Set up a net in the shallows and have players form teams of two or three people. The object of the game is to keep the ball from touching your side of the net, similar to volleyball.

The catch is that players can only use their hands to splash the ball over the net.


  • It’s a great cardio workout.
  • You can play with a large group of people.


  • You need a beach ball and a net.

(Related: Best Life Jackets For Infants).

4. Simon Says.

Water game for ages 4+

This water game is less physical than others, so it can include younger kids.

One person is “it” and gives commands to the group, such as “Simon says touch your toes”, “Simon says splash water in the air”.

The group must only do the action if it starts with “Simon says”. If someone does the action without hearing “Simon says”, then they’re out.


  • Great for young kids.
  • Easy to learn and play.


  • Not so great for older kids or adults.
  • Simon can get bossy!

(Related: Are Puddle Jumpers US Coast Guard Approved?)

5. Atomic Whirlpool.

Water game for ages 5+

This is one of the most unique water games for the lake.

Everyone starts in a circle. Slowly walk around the circle in the same direction. Once you start walking, begin to go faster and faster until everyone is running in the water.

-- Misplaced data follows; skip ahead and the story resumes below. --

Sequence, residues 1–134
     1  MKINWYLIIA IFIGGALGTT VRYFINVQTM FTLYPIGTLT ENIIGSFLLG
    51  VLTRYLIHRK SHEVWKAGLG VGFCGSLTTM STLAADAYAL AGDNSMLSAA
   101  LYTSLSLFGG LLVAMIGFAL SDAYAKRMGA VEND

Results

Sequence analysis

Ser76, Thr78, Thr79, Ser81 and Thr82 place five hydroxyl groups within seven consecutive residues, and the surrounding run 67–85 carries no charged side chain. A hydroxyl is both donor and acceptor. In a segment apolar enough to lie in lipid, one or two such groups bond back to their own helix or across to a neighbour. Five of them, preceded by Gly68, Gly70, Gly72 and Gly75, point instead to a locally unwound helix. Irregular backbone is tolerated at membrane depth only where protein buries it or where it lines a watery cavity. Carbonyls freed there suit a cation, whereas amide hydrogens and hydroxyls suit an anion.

A whirlpool will form and your kids will notice that they’re being pulled off the ground and into the center.

When the water starts to really move, everyone turns and runs in the other direction. Chaos ensues. The last person to stay on their feet wins!


  • So much fun to watch.
  • Great for wearing kids out.


  • Not for those who get dizzy easily!
  • Need a large number of kids to play.

(Related: Best Floaties For One and Two Year-Old Toddlers).

2 Lake Games That You Can Play From The Shore.

Unlike the previous five games, these ones don’t require you to get into the water. You’ll be sure to cool off, even if you don’t feel like swimming.

1. Water Balloon Toss.

Lake shore game for ages 5+

This game is suitable for both kids and adults. Fill up water balloons and line players up in teams of two, facing each other.

Make the players take one step back from one another.

The first team member then tosses the balloon to their partner, who must catch it without popping it. Teams that pop their balloons are out, while the remaining teams must take another step back and throw again!


  • The game doesn’t require you to get into the lake


  • You need a lot of water balloons

(Related: 10 Best Baby Floats).

2. Water Bomb Tag.

Lakeshore game for ages 5+

This is one of my favourite water games for the lake, because it never fails to create an overwhelming amount of excitement. Before playing fill up at least 50 water balloons with water.

Next, create a boundary area at the edge of the lake (once the game begins, players aren’t allowed to run outside the boundary of that area).

Designate an “it” person and arm the with a few water balloons. On “go” they must try to tag other players by throwing water ballons at them. Whoever gets tagged becomes the “it” player.


  • You don’t need to be in the water to play


  • You need A LOT of water balloons
  • Kids have to be of roughly the same age and weight